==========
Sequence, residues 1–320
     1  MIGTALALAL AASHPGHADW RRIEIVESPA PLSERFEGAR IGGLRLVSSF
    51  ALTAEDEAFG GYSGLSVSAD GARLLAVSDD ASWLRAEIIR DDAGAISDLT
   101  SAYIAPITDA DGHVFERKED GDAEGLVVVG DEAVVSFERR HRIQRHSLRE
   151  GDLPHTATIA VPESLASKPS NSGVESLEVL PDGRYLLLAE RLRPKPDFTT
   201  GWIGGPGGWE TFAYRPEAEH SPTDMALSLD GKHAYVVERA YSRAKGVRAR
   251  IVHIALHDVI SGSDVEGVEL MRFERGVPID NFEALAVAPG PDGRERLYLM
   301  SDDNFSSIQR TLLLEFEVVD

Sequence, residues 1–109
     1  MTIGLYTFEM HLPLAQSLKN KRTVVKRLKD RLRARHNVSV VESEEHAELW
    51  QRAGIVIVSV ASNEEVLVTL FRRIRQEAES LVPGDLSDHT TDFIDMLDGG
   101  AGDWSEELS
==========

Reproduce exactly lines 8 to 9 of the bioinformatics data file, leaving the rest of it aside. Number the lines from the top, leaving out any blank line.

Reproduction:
   301  SDDNFSSIQR TLLLEFEVVD

Sequence, residues 1–109